1609, July 27.His Majesty had good liking of the reparation that was made upon the house here, and of the diligence of the workmen for the little time they had, which is not yet finished. He bid me signify that the workmen do not depart till the house be all repaired according as they have begun, with protestation that when he is better stored in money he will bestow more towards the same, for the good liking he and the Queen have taken at this time. Farnham, 27 July, 1609.
Holograph 1 p. (127 117)
Rob. Fludd to Lord [Salisbury]
1609, July 28.Report of his proceedings as commissioner for sale of the King's woods and surveyor of lands in Anglesey, Carnarvon, Merioneth, Flint and Montgomery. Claims of Sir Edward Harbert and Sir Richard Hopton to woods in the latter shire. Conowey, 28 July, 1609.
Holograph 1 p. (132 107)
Tibbot Gorges to the Earl of Salisbury
1609, July 29/August 8.Has accomplished his long voyage to his full contentment, and on his arrival purposed to go to Orleans to know his young Lord's pleasure, but his Lordship's sudden coming prevented it. If it stands with the Earl's liking, the Lord Ambassador will command him to wait upon him into England, if his return be so soon as his Lordship thinks it will be; if not, he purposes to repair homewards. Meantime he will abide in Paris, and endeavour to recover the French tongue, which is much impaired by his learning Italian, with a very little Dutch. which has much disturbed the others. Paris, 8 August, 1609, st. no.
Holograph 1 p. (94 124)
Sir Thomas Lake to the Earl of Salisbury
1609, July 29. I received your letters concerning Neale Garvey yesterday at Winchester about noon, his Majesty being then on his way to Broadlands, his next remove; and I followed him presently and acquainted him with the contents, though somewhat late, at his return from hunting in the forest of Westbeare. I framed also a letter ready for him to sign according to your direction, which he has signed, and herewith I send it. At the perusing of your letter, and the signing of this, he used no other words concerning the matter but that he marvelled why they might not be safe in the castle of Dublin. My answer was that the natural unsoundness of the people towards his Highness's service, and their affection to their great men, might give more opportunities to escape than here. He called the Prince to the reading of that part of your letter where you made mention of taking his opinion, and they were both merry at it. But for the Duke of Cornwall's hundred pound toward the clock, his answer is that with his Majesty's leave he has bestowed it another way, but if you lay it out he will give you leave to pay yourself again, so it be not out of his revenue.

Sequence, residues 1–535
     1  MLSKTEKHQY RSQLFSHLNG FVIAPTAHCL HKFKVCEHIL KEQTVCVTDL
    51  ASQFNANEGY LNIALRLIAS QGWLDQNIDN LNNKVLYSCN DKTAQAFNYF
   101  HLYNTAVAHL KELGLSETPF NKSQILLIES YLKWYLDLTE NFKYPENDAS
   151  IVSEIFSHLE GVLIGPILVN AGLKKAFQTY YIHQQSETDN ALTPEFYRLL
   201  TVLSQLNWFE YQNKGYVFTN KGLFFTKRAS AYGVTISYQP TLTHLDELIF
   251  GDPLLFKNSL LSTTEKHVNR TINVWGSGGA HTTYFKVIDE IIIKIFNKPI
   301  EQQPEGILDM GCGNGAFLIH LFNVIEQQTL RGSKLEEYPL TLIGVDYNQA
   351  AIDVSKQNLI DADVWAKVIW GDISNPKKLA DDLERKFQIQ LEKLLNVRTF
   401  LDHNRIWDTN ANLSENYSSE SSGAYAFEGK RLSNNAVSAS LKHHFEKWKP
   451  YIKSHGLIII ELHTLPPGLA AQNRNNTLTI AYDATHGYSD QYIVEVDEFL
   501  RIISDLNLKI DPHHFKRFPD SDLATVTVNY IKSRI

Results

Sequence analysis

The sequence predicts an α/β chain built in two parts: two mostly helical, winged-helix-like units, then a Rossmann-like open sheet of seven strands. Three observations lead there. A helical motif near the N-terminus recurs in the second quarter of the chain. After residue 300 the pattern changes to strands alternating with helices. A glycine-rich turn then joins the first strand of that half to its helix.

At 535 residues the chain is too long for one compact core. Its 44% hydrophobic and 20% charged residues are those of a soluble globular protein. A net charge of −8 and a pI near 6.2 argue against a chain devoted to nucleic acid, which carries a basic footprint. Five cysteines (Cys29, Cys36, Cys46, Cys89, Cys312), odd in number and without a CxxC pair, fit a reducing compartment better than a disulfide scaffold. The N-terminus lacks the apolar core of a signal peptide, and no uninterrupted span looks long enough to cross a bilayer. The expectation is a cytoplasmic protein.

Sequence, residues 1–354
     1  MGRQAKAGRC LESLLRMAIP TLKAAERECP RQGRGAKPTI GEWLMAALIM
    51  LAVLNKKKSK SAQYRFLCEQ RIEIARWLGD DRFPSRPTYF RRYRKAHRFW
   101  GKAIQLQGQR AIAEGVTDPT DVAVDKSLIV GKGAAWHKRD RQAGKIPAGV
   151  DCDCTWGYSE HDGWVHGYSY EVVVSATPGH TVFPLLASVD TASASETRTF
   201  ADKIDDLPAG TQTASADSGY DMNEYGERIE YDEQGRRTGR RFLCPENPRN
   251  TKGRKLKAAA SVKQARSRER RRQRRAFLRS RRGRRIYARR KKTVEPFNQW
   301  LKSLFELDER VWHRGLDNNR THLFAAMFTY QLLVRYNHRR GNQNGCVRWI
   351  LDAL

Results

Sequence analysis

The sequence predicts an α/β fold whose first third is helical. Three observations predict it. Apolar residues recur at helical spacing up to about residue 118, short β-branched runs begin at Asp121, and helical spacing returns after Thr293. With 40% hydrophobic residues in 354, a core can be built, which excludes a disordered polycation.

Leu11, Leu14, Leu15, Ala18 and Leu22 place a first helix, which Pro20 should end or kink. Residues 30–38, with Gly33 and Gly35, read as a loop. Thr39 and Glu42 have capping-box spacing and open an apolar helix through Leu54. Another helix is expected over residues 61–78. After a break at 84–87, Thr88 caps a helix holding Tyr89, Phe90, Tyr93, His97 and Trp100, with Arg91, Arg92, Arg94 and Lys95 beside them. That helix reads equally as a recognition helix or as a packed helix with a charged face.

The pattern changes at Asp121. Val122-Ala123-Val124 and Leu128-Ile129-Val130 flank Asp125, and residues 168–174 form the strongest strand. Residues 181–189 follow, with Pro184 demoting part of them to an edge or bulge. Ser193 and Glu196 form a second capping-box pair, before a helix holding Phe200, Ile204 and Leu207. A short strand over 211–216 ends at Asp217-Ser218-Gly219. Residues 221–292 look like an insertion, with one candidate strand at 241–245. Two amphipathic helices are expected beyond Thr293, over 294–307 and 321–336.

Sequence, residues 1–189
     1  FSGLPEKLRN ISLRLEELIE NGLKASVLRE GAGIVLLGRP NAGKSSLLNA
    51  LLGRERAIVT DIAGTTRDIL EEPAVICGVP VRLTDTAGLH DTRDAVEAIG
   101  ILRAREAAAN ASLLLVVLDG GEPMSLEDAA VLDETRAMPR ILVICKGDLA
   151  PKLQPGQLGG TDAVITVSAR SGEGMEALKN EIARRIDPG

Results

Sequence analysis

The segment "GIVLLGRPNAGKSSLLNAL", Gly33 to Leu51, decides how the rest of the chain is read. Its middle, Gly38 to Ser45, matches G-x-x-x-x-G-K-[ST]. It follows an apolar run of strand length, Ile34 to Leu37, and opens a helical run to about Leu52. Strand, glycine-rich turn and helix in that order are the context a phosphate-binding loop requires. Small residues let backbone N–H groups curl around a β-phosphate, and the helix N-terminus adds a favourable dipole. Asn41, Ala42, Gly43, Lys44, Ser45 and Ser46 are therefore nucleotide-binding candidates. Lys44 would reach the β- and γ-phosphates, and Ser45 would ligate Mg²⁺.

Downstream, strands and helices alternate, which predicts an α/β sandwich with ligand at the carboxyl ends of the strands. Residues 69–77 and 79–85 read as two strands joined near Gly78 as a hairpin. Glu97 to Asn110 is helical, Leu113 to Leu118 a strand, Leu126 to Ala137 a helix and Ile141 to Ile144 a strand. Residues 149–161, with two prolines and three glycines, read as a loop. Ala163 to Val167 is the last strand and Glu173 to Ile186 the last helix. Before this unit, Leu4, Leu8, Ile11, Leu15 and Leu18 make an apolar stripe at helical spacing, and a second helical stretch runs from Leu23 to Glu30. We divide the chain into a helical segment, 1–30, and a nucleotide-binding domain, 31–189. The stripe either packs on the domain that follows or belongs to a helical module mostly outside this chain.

While his Majesty was at Farnham, some of the better sort of the town acquainted me with a grievance amongst divers poor men of the town and country thereabouts, who had been taken up for labourers for the reparations at Farnham, and were unpaid, some of ten shillings, some of a noble, some of twenty shillings, being very poor creatures, and the time hard, insomuch as they borrowed of their neighbours for their daily bread. It is but a matter of 50l or 60l that is owing amongst that sort of people. It is the negligence of some of the officers of the works, upon whom it may please you to call to see it discharged, for I know it is against your fashion that reclamation should be moved for so small trifles. Broadlands, 29 July, 1609.
PS.—The report of Mr Attorney of Ireland of the proceedings, and the copy of the ratification, I left with his Majesty to read at his leisure.
Holograph 2 pp. (127 118)
Viscount Cranborne's Travels